Societal emotional environments and crosscultural differences in life satisfaction: A forty-nine country study

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In this paper, we introduce the concept of ‘societal emotional environment’: the emotional climate of a society (operationalized as the degree to which positive and negative emotions are expressed in a society). Using data collected from 12,888 participants across 49 countries, we show how societal emotional environments vary across countries and cultural clusters, and we consider the potential importance of these differences for well-being. Multilevel analyses supported a ‘doubleedged sword’ model of negative emotion expression, where expression of negative emotions predicted higher life satisfaction for the expresser but lower life satisfaction for society. In contrast, partial support was found for higher societal life satisfaction in positive societal emotional environments. Our study highlights the potential utility and importance of distinguishing between positive and negative emotion expression, and adopting both individual and societal perspectives in well-being research. Individual pathways to happiness may not necessarily promote the happiness of others.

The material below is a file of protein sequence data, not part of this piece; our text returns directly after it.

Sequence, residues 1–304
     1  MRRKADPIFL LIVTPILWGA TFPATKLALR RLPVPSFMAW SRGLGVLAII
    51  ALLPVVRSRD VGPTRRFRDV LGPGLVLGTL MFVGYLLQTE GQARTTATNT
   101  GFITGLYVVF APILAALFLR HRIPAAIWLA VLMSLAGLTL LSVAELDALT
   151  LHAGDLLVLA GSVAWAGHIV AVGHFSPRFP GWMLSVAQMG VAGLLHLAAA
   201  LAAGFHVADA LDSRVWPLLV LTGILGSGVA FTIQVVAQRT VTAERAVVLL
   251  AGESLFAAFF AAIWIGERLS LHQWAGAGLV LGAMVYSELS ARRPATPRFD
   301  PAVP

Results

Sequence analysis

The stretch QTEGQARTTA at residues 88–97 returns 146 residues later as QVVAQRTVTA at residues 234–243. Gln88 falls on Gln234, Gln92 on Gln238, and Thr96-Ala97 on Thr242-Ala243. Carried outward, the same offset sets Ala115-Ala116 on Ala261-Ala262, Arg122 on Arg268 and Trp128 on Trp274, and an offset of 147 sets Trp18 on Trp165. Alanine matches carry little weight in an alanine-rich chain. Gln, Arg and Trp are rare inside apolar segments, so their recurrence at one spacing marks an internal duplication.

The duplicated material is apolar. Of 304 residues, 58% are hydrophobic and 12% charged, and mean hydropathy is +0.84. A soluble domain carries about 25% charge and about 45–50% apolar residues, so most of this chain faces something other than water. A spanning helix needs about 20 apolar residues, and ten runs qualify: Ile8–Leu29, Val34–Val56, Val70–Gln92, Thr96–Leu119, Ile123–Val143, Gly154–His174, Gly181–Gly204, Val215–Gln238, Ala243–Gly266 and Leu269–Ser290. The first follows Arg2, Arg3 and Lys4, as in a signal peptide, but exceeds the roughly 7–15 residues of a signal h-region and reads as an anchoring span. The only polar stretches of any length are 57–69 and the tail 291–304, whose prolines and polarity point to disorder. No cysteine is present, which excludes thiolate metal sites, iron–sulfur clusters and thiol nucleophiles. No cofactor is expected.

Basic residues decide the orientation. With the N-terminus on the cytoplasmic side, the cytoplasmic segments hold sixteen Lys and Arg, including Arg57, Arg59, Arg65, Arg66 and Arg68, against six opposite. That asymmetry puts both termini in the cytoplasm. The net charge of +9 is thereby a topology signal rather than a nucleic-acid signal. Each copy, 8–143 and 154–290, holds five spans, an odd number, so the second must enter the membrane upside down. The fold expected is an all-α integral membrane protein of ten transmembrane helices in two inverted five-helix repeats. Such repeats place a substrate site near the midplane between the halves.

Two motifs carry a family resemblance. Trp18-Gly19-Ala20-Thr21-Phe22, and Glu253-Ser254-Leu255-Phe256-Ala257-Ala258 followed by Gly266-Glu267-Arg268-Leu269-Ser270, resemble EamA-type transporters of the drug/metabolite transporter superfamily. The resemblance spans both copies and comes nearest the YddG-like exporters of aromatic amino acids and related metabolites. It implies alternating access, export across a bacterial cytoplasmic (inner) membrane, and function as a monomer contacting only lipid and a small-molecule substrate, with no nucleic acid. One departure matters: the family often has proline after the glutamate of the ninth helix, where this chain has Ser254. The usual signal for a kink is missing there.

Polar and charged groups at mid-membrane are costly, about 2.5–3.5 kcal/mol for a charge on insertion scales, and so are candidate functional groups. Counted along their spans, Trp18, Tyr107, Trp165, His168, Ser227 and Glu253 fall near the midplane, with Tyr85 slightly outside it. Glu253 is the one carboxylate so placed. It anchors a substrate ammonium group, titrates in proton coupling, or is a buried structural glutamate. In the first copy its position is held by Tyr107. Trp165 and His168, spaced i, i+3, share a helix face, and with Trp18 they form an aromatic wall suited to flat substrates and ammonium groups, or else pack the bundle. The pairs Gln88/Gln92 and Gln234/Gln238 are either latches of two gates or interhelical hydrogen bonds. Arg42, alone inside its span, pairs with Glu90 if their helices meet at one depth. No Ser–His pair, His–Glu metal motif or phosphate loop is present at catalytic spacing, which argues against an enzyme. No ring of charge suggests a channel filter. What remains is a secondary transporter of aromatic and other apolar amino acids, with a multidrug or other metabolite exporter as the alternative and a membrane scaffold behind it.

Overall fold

Nicole Kronberger, J. Hannah Lee, Xinhui Liu, Pablo Eduardo Barrientos, Tamara Mohorić, Nur Fariza Mustaffa, Oriana Mosca, Martin Nader, Azar Nadi, Yvette van Osch, Zoran Pavlović, Iva Poláčková Šolcová, Muhammad Rizwan, Vladyslav Romashov, Espen Røysamb, Ruta Sargautyte, Beate Schwarz, Lenka Selecká, Heyla A. Selim, Maria Stogianni, Chien-Ru Sun, Cai Xing & Vivian L. Vignoles


Societal emotional environment, Societal wellbeing, Emotion regulation, Emotion expression, Life satisfaction, Culture, Latin America


The Journal of Positive Psychology, 17:1, 117-130